Medicinal cannabis has been legal in Colorado since 2000, with recreational cannabis making its legal debut in 2014. Since then, attitudes towards cannabis in the Denver area, as well as nationwide, have shifted. The taboo surrounding cannabis has slowly begun to shrink away. As we approach this new horizon, we must ask ourselves—how can the cannabis industry and the arts come together to ensure the success of both industries? I recently attended a CBCA panel discussion on this exact topic. Gathering legal, industry, and non-profit leaders who work in the cannabis space, the panel discussion encouraged us all to open our minds and think differently about the future interconnectivity between the arts and cannabis.
While Denver is fortunate to have a robust arts community, this can sometimes lead to competition over funding. As such, arts organizations are consistently looking for new ways to fund and expand their programs and offerings. Cannabis organizations can fulfill this need and serve as a new door for funding. While cannabis companies may not be as flush with cash as we may think, they are actively seeking ways to connect in meaningful ways with their communities. New funding avenues also open doors for further democratizing of art in the metro area. It opens up inclusive opportunities for artists and art mediums that may be overlooked by traditional art spaces such as galleries or museums. Additionally, cannabis companies are inherently collaborative. The regulations around cannabis in Colorado are stringent thus causing companies to embody a culture of collaboration in order to work effectively, efficiently, and legally with state regulators.
Additional funding opportunities and meaningful collaborative partnerships may sound too good to be true. And in some sense, it is. Federally, cannabis is still recognized as an illegal substance with no medical benefits. Therefore, any arts organization must carefully consider the legal implications of partnering with a company in the cannabis space. Tom Downey, a lawyer who was on the CBCA panel I attended, noted that while accepting money from a company associated with a federally illegal substance does present some risk, there are numerous examples of other companies who have not experienced negative repercussions related to receiving funds from the cannabis industry. One example Downey offered was the “Adopt-A-Highway” signs that line the interstate. Several of these signs are sponsored and funded by cannabis dispensaries or other ancillary businesses meaning that in the strict legal sense, CDOT is breaking the law. However, no criminal action has ever been taken against them. For nonprofit organizations in particular, there may be a fear around regulatory repercussions, such as your 501c3 status being revoked. Downey noted that this has not happened yet either.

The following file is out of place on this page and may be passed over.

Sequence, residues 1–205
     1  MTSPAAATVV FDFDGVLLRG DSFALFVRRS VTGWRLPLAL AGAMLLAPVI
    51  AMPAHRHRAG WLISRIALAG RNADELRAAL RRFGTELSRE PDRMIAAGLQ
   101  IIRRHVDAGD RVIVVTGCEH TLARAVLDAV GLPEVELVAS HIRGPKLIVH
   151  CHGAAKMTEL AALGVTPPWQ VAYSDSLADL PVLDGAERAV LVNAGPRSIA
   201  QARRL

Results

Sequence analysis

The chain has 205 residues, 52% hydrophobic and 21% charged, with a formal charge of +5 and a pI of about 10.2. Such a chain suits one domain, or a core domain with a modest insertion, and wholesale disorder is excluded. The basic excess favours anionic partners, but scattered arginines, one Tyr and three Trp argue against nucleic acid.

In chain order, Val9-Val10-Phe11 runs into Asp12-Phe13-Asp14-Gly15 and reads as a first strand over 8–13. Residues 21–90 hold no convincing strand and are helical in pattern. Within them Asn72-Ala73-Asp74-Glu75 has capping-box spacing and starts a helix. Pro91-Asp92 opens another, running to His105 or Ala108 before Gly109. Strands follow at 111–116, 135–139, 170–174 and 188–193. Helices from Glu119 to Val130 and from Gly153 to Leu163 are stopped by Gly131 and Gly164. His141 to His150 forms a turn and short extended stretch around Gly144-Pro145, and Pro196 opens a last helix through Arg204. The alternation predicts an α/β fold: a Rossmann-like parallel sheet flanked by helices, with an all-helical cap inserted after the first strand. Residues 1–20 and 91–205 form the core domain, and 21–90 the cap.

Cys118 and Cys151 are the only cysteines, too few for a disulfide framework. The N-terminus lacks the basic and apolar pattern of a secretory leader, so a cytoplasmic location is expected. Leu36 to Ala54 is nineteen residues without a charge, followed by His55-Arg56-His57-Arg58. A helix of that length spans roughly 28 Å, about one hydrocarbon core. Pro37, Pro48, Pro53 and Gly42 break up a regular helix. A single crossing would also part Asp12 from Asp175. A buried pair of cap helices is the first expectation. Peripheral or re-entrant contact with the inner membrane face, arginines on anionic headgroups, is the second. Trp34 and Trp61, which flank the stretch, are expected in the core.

If your organization may be interested in developing a relationship with a cannabis company, there are three critical steps that must be taken:
- Get your board’s buy-in
- Set clear expectations about goals for your partnership
- Talk to a lawyer or legal advisor about your organizations’ specific risk potential
Convincing a board to accept money from the cannabis industry may be a tough topic to navigate. The CBCA panel suggested selling the board on an increased revenue stream, transparently communicating the risks and rewards of a partnership, and pointing out comparable businesses that are already successfully working with the cannabis industry. If your board is hesitant to enter into a relationship with a cannabis company, another option is to work with ancillary businesses, such as insurance providers, package producers, or marketing firms that work with those in the cannabis industry but are not directly related themselves.
Once the board has given a clear go-ahead, it is important to seek out partnerships with companies and organizations that are open to a relationship that has clearly defined shared goals. As with most partnerships, cultural “fit” is important to consider.
Consulting a legal advisor never hurts either, as your organization assesses the risks and rewards of partnering with a cannabis company. Lawyers, such as Tom Downey, have extensive experience helping clients handle the federal, state, and local implications of such a partnership.
In our work, we often engage non-profits in the arts and culture space who are looking for new ways to raise money for capital campaigns. We have a saying at Corona— “money follows bold action”. In Colorado, cannabis is a $1.6 billion industry, with slightly fewer than 400 operating dispensaries. As we face the brave new world of cannabis legalization, we here at Corona are interested to see how “cannabis social responsibility” has the potential to disrupt the nonprofit and arts space. Enhanced arts and cultural offerings contribute to a vibrant and engaged community. In the next 3 to 5 years, we anticipate the taboos related to cannabis to reach a tipping point, where the dated negative associations with cannabis subside. Given that, now is the time to think about how your organization will maneuver a changing philanthropic landscape.